Scotland has the opportunity to develop a world-leading, sustainable fishing industry that can support the delivery of healthier and more productive seas.

Scotland’s seas are made up of a mosaic of marine ecosystems, from sea lochs to deep-sea coral reefs, which provide a diverse wealth of benefits to society, such as food, employment, and recreation. However, the ability of marine ecosystems to provide such benefits is dependent upon their health – healthier ecosystems provide more benefits.

Scotland’s seas have been subject to persistent degradation through human activity, which threatens the health of marine ecosystems and the benefits they provide.

In Scotland, commercial fishing is recognised as one of the most widespread and significant pressures on marine ecosystems. Perversely, the success and longevity of commercial fisheries relies upon healthy marine ecosystems.

Scotland is a maritime nation, and fishing is embedded within our society and cultural heritage. But poor management of fishing activity, and the use of damaging practices such as scallop dredging have resulted in unsustainable exploitation of commercial fish stocks and a decline in marine biodiversity, caused by physical damage to seabed habitats and bycatch (the capture and death of non-target marine species).


Overfishing occurs when a commercial species is removed from an ecosystem (i.e. fished) at a rate faster than it can naturally reproduce, resulting in the population size becoming smaller. As fish populations become depleted, there is a risk they will not be able to recover at all, which would be devastating for both fishers and marine ecosystems.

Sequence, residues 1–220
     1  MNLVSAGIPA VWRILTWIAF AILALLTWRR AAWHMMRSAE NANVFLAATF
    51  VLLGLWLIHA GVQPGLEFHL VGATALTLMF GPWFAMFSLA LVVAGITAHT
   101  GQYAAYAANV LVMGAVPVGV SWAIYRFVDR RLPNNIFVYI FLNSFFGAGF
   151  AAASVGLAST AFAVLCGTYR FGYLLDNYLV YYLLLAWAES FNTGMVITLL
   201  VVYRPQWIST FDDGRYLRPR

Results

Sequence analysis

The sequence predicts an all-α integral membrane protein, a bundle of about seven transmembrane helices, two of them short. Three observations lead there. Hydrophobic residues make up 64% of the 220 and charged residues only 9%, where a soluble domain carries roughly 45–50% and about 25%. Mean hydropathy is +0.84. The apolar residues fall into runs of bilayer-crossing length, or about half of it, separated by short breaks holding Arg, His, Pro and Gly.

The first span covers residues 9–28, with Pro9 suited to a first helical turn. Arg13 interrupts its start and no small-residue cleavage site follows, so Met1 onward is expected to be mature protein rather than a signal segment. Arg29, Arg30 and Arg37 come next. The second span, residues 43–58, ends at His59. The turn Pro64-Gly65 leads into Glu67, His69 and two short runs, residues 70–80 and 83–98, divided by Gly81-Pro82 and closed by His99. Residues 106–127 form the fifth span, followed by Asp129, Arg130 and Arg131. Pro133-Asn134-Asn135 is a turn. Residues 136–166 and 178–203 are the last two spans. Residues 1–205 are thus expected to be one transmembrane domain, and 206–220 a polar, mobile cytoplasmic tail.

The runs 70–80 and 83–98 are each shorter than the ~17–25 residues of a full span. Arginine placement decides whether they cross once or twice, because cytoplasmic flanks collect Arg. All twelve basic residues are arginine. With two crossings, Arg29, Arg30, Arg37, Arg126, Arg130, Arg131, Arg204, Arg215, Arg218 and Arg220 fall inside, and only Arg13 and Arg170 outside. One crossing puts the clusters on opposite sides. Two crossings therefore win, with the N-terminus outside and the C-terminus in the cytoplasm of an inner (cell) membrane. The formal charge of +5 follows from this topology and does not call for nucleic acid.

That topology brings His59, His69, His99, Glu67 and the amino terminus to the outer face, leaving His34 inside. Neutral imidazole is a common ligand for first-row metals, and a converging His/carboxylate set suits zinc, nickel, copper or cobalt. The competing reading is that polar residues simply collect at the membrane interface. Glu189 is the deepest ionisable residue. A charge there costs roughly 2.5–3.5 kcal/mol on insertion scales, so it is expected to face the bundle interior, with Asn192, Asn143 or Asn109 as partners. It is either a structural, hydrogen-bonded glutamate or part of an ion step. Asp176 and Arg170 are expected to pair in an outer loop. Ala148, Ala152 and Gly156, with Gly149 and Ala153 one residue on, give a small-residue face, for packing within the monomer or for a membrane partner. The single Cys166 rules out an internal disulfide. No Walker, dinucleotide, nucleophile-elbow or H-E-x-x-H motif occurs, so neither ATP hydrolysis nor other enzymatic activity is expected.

To address overfishing, fish quotas are identified, which determine the amount of fish that can be caught from a stock – known as Total Allowable Catch (TAC). TACs are set annually and are based on scientific advice, which determines the maximum amount of fish that can be caught without causing stock decline – known as Maximum Sustainable Yield. Countries then negotiate to determine how TACs are distributed.

Despite these measures, in 2018, just 67% of Scotland’s commercial stocks were fished below their Maximum Sustainable Yield.

Damage to habitats and wildlife

There are many different forms of fishing, each of which target different species. For example, pelagic trawls target schools of fish in open water, such as herring, whereas bottom-contact trawls target species that live on or near the seafloor. Some fishing practices can cause direct damage to marine habitats, in particular mobile bottom-contact gear.

In addition to seafloor damage, non-target species like whales, dolphins and seabirds can become entangled in nets and ropes, and accidentally caught as bycatch.

Our priorities

In Scotland, fisheries management is a devolved power and the responsibility of the Scottish Government. Such power provides the country with an opportunity to develop a world-leading sustainable fishing industry that prioritises ecosystem health for the benefit of society and future generations.